Mainstreaming Alternative Dispute Resolution for Equitable Access in Pakistan

Program Year: 2020

By Syed Abbas Hussain

Many marginalized persons, especially those in impoverished communities and women, find it difficult to access the legal system in Pakistan due to the stigma attached to approaching courts, inability to afford lawyers, and difficulty in understanding court procedures. As part of the Mainstreaming Alternative Dispute Resolution for Equitable Access to Justice in Pakistan project, The Asia Foundation partnered with Kinnaird College for Women in Lahore to host a series of webinars to promote awareness of mediation as an effective mechanism of conflict resolution.

Alternative Dispute Resolution (ADR) is attracting increasing attention, especially since Pakistan’s formal legal system is overwhelmed with cases. The goal of this Foundation project is to mainstream ADR mechanisms in the legal and judicial systems of Pakistan. ADR helps facilitate broad-based access to equitable justice, especially for vulnerable communities.

The Current Trends in ADR: Spotlight Series on Mediation webinar brought together leading experts to analyze mediation as a process within the legal system and culture of Pakistan. The objective of this series is to raise awareness of existing ADR mechanisms and laws and encourage critical reflection on how they can be further strengthened. Key discussions included the importance of capacity building through academia, encouraging lawyers to convince clients to choose ADR and the need for legal reform. Speakers included senior judges, advocates, senior members of High Court Bar Associations, academic experts, and legal analysts from Punjab.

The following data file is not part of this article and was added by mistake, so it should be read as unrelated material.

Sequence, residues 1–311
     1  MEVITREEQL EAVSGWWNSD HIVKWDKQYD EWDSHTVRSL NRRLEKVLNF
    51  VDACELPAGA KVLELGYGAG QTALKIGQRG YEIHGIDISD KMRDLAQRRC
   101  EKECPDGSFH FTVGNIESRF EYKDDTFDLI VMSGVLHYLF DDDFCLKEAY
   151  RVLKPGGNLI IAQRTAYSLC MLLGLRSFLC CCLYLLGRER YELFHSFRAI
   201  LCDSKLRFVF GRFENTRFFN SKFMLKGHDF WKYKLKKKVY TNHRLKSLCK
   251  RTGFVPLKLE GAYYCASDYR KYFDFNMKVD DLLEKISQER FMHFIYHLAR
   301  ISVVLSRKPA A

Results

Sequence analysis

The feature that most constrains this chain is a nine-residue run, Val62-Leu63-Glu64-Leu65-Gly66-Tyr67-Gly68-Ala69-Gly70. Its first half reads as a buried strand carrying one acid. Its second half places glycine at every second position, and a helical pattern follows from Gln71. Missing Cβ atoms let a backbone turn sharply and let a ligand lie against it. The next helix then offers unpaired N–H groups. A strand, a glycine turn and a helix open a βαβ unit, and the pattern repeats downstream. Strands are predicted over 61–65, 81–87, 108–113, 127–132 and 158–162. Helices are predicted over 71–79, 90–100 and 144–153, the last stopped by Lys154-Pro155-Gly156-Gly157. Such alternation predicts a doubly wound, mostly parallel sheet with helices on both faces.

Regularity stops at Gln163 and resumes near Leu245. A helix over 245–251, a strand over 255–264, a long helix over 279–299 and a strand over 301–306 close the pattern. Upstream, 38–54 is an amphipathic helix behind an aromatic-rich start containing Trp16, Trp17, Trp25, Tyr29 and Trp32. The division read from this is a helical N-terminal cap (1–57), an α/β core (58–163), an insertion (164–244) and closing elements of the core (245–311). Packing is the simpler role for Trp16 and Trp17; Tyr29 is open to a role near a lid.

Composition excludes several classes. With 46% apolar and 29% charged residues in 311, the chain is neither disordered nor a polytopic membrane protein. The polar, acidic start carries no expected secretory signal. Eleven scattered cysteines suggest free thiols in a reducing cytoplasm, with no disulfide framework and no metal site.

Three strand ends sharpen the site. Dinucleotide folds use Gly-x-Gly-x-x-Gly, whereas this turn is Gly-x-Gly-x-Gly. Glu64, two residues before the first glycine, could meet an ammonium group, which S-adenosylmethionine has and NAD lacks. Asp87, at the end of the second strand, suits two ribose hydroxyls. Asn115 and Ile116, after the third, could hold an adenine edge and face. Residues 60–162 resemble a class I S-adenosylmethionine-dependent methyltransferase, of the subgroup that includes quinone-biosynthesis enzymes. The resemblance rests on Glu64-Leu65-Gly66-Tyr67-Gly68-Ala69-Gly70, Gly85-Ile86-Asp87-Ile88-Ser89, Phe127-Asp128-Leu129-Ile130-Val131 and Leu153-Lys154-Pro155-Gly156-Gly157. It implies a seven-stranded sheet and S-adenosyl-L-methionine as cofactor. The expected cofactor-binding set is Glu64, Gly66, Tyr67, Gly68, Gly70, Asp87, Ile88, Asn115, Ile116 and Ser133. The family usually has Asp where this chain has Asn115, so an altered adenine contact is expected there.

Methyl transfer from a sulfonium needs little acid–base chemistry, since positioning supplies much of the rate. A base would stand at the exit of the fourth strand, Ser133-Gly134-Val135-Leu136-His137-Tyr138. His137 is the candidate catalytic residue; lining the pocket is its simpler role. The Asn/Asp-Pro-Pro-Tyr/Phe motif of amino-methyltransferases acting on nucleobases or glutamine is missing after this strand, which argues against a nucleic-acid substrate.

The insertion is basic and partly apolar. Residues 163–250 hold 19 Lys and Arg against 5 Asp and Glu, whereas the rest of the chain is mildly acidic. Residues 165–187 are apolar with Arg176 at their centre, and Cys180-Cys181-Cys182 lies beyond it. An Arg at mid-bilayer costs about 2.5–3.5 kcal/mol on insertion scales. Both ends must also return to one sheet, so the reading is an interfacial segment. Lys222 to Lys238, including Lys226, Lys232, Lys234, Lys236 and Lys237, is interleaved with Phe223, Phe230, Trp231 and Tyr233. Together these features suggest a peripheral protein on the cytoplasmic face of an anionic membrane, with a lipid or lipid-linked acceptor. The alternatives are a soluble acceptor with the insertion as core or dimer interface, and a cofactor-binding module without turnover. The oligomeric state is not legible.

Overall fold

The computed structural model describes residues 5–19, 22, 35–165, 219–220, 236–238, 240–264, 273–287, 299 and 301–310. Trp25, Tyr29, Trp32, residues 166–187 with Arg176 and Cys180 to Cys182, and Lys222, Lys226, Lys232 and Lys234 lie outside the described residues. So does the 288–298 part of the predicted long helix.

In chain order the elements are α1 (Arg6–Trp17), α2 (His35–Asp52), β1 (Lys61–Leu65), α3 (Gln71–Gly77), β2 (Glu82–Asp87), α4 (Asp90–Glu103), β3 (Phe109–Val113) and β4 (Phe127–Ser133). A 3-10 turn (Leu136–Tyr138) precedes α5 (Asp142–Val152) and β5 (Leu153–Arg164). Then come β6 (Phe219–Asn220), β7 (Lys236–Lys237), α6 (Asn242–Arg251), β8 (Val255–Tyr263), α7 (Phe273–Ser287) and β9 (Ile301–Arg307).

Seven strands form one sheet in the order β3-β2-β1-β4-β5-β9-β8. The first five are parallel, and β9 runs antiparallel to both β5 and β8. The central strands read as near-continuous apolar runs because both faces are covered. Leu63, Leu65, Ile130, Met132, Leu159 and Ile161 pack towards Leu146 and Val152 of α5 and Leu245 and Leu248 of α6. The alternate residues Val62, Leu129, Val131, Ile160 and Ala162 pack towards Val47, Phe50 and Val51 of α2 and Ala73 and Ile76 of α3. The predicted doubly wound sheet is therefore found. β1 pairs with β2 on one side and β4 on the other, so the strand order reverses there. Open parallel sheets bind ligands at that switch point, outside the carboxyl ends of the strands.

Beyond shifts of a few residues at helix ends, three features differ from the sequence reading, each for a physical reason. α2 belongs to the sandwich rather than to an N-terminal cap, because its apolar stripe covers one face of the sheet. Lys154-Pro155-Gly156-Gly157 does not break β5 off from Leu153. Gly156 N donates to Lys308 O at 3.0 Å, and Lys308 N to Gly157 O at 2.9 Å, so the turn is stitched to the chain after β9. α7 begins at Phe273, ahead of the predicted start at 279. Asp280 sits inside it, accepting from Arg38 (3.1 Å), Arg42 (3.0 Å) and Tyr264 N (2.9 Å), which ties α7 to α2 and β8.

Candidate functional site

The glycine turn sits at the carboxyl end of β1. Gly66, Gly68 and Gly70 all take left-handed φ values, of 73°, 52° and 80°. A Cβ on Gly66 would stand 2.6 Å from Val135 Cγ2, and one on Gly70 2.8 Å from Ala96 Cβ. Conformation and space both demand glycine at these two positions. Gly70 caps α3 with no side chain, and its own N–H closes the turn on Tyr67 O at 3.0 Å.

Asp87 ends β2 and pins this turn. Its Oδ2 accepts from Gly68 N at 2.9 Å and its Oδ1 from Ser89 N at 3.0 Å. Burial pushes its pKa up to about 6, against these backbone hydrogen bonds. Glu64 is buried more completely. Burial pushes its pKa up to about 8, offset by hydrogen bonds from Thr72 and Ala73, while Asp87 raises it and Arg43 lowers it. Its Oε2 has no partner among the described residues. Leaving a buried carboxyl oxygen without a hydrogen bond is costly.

The project has also extended its capacity building initiatives to the province of Sindh. The Foundation in collaboration with the Sindh Judicial Academy organized a series of trainings on mediation law, targeting senior civil judges from selected districts of Sindh. Since late September, three cohorts of judges were trained at the Sindh Judicial Academy in Karachi. The trainings explored different types of ADR procedures (arbitration, mediation, and conciliation) and elements of the Code of Civil Procedure amendment–a law that contemplates referral of cases to ADR. Sessions also highlighted categories of cases that can be referred to ADR and underlined the strengths of the system.

Many economically impoverished litigants have benefited from ADR. Fida Hussain, a laborer from a small district in Punjab, was involved in a family dispute that had been pending trial for years. The daily wage earner struggled to cope with the pressure of managing his work in the face of endless court hearings. Being referred to an ADR center was a boon for him as his longstanding dispute was resolved through mediation within a short span of time.

Related locations: Pakistan